Example: Intermediate Italian I<br />GOAL<br />a syllabus that prepares you to plan and go on a trip to Italy, and to discuss some specific Italian cultural features. Most of the semester you will be asked to contrast/compare your culture and Italian culture and understand and appreciate the differences between these two worlds.<br />
Example: Intermediate Italian I<br />Weeks 1-5 Objectives<br />Cercasicompagno di viaggi<br />Students should be able to:<br />talk about their routines, using their trips and holidays as a basis <br />describe family and friends and other people with whom they travel<br />identify different ways of moving around, and stating their preferences<br />detail their daily schedules (from waking up to going to sleep)<br />compare their daily schedules to their routine on vacation<br />identify actions in the sequence in which they occurred<br />narrate in the past, talking about past trips<br />describe the background to their vacation anecdotes<br />express ideas concerning obligation, abilities and desires in the past and present with regard to traveling<br />describe where they used to go<br />describe what they used to do with their families on vacation<br />compare experiences, situations<br />know how to talk about past situations, habits, routines in the past, and making comparisons<br />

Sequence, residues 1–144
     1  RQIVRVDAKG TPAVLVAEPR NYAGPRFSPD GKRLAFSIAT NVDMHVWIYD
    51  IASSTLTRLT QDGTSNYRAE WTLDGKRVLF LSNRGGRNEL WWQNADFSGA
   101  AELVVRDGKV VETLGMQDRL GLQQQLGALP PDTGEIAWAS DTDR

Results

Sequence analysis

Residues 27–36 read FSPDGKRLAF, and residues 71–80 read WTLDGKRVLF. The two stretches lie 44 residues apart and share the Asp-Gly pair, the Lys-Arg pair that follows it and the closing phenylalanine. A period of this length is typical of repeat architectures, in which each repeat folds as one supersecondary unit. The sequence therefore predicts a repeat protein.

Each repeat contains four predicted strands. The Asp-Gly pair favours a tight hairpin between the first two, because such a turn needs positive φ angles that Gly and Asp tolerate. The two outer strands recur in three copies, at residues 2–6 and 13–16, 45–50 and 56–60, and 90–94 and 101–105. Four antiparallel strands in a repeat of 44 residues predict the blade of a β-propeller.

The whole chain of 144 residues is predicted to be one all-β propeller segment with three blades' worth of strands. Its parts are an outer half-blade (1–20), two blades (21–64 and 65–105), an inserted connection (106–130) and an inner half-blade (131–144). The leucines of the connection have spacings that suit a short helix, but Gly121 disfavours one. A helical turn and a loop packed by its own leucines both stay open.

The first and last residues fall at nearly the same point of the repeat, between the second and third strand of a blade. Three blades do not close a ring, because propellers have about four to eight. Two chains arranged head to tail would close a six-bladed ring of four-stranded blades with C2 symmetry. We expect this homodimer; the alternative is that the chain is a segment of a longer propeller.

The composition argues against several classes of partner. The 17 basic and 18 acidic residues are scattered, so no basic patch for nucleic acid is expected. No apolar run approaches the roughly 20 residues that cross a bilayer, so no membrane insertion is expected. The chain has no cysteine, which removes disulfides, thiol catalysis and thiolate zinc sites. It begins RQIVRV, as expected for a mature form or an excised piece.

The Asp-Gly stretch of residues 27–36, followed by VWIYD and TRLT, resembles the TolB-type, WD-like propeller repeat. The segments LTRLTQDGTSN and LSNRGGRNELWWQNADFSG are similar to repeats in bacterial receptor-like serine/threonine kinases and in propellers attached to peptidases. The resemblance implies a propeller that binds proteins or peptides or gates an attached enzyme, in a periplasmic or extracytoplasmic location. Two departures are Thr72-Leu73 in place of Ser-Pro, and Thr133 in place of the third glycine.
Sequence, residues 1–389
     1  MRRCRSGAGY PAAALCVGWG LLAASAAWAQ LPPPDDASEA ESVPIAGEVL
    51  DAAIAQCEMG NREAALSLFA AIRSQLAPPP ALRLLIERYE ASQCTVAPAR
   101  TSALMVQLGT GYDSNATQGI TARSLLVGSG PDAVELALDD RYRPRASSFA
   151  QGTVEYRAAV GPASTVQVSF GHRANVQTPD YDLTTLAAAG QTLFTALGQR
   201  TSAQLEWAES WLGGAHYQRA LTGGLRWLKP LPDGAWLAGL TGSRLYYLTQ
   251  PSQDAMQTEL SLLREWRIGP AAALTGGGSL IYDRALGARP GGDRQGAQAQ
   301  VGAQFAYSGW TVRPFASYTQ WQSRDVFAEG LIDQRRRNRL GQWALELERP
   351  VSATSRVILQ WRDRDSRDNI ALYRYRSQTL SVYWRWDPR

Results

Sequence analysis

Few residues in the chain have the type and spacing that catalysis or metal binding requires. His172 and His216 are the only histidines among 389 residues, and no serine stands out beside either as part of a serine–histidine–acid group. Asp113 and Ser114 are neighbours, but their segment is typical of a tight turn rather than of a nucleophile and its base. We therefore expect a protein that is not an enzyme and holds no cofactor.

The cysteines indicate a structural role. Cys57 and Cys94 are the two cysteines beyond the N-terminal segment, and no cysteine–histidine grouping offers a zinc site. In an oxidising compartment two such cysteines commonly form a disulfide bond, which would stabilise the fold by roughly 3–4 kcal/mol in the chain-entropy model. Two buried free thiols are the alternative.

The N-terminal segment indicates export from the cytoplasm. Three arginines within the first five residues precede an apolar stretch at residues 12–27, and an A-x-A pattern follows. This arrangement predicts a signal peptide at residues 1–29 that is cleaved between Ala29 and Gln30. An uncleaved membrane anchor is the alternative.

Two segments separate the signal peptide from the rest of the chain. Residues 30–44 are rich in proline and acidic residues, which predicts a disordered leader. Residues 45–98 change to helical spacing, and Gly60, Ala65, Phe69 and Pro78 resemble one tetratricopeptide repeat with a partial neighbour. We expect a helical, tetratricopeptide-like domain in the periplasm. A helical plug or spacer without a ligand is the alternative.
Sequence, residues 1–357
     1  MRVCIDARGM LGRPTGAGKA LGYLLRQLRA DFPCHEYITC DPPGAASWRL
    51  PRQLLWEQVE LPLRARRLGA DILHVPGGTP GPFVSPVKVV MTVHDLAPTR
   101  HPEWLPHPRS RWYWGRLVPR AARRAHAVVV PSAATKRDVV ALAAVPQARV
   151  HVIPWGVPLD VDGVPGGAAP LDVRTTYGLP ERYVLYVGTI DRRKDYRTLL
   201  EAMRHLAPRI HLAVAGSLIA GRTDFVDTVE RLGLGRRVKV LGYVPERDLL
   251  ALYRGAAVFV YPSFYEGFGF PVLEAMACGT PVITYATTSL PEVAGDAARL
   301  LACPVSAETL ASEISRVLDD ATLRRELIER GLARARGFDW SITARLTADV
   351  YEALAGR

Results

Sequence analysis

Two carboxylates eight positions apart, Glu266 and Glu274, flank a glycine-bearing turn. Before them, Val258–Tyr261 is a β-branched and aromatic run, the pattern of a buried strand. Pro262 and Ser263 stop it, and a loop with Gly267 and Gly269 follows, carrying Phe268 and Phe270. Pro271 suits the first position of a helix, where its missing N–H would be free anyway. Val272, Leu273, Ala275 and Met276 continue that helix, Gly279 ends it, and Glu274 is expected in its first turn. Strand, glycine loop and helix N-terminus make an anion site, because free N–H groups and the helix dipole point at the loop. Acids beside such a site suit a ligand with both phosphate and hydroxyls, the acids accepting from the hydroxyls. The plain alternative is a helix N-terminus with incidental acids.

Example: Intermediate Italian I<br />Weeks 6-10 Objectives<br />Prepararsi e arrivare in Italia<br />Students should be able to:<br />ask for information about Italy (what to do, where to go, what to see)<br />talk about what they will do when they arrive in Italy<br />rank their activities according to the most and the least importante/interesting/etc.<br />know where to go to fare la spesa e fare lo shopping/acquisiti<br />talk about the experience of going shopping and grocery shopping in Italy and in the United States in the present and past tense<br />talk about Italian and American sense of fashion<br />ask for advice/suggestions, directions and permission to do something<br />express wants and make requests politely<br />talk about the uncertainty in the future (based on song and movie)<br />learn more about Italian geography; the role tourism has in Italy; “cittàd’arte”, beaches, lakes and mountains; holiday destinations; Ferragosto, civil and religious Italian holidays throughout the year. <br />